29 November 2011

Falaknuma Palace, Hyderabad

Because the Nizams were a ruling Moghul family in Hyderabad who had not fought in the first Indian War of Independence, they were given special privileges by the British. Thus although Hyderabad was just one of the princely states of British India, it was allowed to retain control of its internal affairs. This worked out well for the Nizams - they ruled their state as a inherited monarchy for 223 years (1724-1947), until Indian independence.

Falaknuma dining table - longest in the world?

As befitted a wealthy, cultivated royal family, the Nizams aspired to be important patrons of the arts. Their stunning and indecently expensive architecture, pearls, diamonds, furniture, art works, jade, carriages and cars came from various cultural traditions - often European, blended with Hindu and Islamic tastes. Of their ten palaces, one was more beautiful than the next.

Nawab Vikar-ul-Umra, the Prime Minister of Hyderabad, started building Falaknuma Palace in 1884, choosing to use an English architect. He completed the giant task within 9 years. Alas he couldn’t pay all the costs, so by 1898 the palace had to became the home of his nephew, the 6th Nizam Nawab Mahboob Ali Khan. His family used and loved the palace until after the end of WW2.

Falaknuma Palace was, since the beginning, filled with Italian marble, stained glass windows and Venetian chandeliers in its 220 rooms and 22 halls. When an important hotel chain started renovating and restoring the palace in 2000, they wanted to preserve the taste of the Nizams wherever possible in the new hotel. The rooms and halls were decorated, as of old, with ornate furniture, rich handcrafted tapestries and brocades. They retained 40 huge Venetian chandeliers and intricate frescos, paintings and statues.

Falaknuma Durbar Hall

The old palace opened as a hotel in November 2010. As the Taj Hotel’s history page reports,  the palace library is home to the rarest of manuscripts and books, selected and brought back by the Nizam himself. Its walnut carved roof was designed to imitate the one at Windsor Castle. A marbled staircase still takes guests to the upper floor, complete with balustrades, marble figurines holding candelabras and an historical picture gallery along the staircase walls.

Although spouse and I always stay in university digs or cheap bed-and-breakfasts when overseas, the new hotel has two significant rooms that I would like to cast my historian’s eyes over. Firstly the 101-seat dining hall, considered the largest in the world, where the Nizam ensured that his banqueting guests ate from solid gold plates. Secondly the Durbar Hall, complete with its carved wooden ceilings, long line of chandeliers and parquet flooring. The Durbar Hall, typically the ruler’s formal meeting space, once hosted royal guests like King George V and Czar Nicholas II.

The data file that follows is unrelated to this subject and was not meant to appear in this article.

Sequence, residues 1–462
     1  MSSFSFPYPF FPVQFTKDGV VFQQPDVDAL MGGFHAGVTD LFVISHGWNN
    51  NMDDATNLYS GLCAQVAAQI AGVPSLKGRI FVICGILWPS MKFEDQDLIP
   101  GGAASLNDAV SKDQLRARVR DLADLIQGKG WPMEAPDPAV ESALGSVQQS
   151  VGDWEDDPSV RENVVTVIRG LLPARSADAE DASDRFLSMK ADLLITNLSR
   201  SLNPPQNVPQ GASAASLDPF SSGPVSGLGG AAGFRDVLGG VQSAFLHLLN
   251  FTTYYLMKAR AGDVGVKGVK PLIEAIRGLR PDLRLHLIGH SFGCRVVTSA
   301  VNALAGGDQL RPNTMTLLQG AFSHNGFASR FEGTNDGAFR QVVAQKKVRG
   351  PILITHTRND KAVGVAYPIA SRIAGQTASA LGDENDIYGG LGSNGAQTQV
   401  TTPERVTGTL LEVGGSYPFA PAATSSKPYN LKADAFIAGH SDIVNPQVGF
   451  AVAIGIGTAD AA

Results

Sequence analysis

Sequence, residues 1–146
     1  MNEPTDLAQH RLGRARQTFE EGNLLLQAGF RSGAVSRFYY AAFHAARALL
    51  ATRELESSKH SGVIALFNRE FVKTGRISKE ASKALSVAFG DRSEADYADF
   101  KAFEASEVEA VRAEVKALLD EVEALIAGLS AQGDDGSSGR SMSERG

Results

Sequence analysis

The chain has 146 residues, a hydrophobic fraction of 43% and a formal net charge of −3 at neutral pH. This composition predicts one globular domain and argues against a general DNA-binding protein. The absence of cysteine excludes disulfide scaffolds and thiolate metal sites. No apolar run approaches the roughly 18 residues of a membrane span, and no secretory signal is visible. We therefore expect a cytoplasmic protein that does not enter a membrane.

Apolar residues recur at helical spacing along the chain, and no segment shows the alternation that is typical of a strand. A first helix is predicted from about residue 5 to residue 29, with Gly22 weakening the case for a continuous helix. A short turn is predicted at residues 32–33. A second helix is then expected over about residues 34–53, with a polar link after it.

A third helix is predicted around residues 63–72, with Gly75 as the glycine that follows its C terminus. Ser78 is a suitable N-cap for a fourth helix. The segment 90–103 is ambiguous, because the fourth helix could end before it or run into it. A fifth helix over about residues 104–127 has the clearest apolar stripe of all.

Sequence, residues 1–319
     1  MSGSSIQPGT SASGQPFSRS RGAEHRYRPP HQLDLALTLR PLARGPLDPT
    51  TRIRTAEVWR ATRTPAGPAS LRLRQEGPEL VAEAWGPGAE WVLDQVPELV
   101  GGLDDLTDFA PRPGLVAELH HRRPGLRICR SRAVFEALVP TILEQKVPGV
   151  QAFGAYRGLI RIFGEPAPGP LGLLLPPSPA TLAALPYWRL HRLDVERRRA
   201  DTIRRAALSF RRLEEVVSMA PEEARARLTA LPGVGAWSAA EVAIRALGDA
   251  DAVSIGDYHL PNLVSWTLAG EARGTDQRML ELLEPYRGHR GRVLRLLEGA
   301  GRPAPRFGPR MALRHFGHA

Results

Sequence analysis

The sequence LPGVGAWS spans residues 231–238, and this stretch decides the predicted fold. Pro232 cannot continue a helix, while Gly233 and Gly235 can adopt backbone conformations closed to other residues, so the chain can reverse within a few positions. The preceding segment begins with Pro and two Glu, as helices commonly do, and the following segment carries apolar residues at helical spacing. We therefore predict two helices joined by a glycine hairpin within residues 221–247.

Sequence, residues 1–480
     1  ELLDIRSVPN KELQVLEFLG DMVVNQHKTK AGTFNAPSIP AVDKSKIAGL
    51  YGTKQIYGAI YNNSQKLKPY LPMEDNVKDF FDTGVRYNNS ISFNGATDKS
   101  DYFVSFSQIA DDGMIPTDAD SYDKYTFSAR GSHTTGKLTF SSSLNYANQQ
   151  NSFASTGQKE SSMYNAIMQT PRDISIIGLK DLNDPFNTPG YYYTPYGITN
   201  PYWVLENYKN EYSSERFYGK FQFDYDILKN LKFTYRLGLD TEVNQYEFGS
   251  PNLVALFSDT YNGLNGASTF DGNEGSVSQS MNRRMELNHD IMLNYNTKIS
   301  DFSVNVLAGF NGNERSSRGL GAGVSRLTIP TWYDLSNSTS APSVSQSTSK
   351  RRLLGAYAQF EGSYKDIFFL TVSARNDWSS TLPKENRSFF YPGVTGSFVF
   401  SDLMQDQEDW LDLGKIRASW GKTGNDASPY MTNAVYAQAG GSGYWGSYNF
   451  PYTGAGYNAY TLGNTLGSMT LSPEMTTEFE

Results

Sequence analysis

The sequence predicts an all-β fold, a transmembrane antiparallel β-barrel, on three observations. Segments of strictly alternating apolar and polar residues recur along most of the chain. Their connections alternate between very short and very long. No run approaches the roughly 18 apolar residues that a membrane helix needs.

The renovated palace hotel, 2010


Falaknuma Palace Hotel even has a resident historian, Mr Prabhakar Mahindrakar. The Style Saloniste blog tells of meeting and spending time with Mr Mahindrakar, examining the architectural and art treasures of the palace hotel. Her interior photos are worth a closer look.

Hyderabad, India

7 comments:

Andrew said...

Many of the names seem familiar from Jewel in the Crown. It does seem that money can buy good taste and I thing the table is longer than HRH's formal dining table.

Hels said...

Andrew

money certain can buy good taste. And mega-wealth can buy staggeringly special taste. The Nizams' diamonds were bigger and purer, their cars jazzier and more Deco, their ten palaces more impressive than anyone else's.

The Nizams did have one bit of luck, however - they were given very special privileges by the British.

Hermes said...

Not particularly sure I think the foreign style works here but I wouldn't say no to a few nights. There are several good Indian documentaries on YT that give a real sense of its luxury.

Hels said...

Hermes

*nod* agreed. A half way moral person is bound to feel very ambivalent. On one hand, the rich are obscenely rich and the poor sleep on railway station platforms. On the other hand, the history of India in the late 19th century is important.

Nicholas V. said...

Wow, this is quite breath-taking. Tacky but breath-taking... :-)
Only joking.

Half of me wishes to stay and lap up the luxury, but the other half remembers that some of the most enjoyable stays in the subcontinent were in humble abodes where the people made all the difference.

Someone who is poor and shares willingly what little they have with a stranger puts everything into perspective. That little freely offered becomes a bounty worhty of a king.

Hels said...

Nicholas

amen to that. I have never had the money to stay in something over the top and luxurious, but what would happen if the money WAS available?

I think The Style Saloniste blog got it right. She spent time with the hotel historian, examining the architectural and art treasures of the palace hotel. She loved every moment of the experience.

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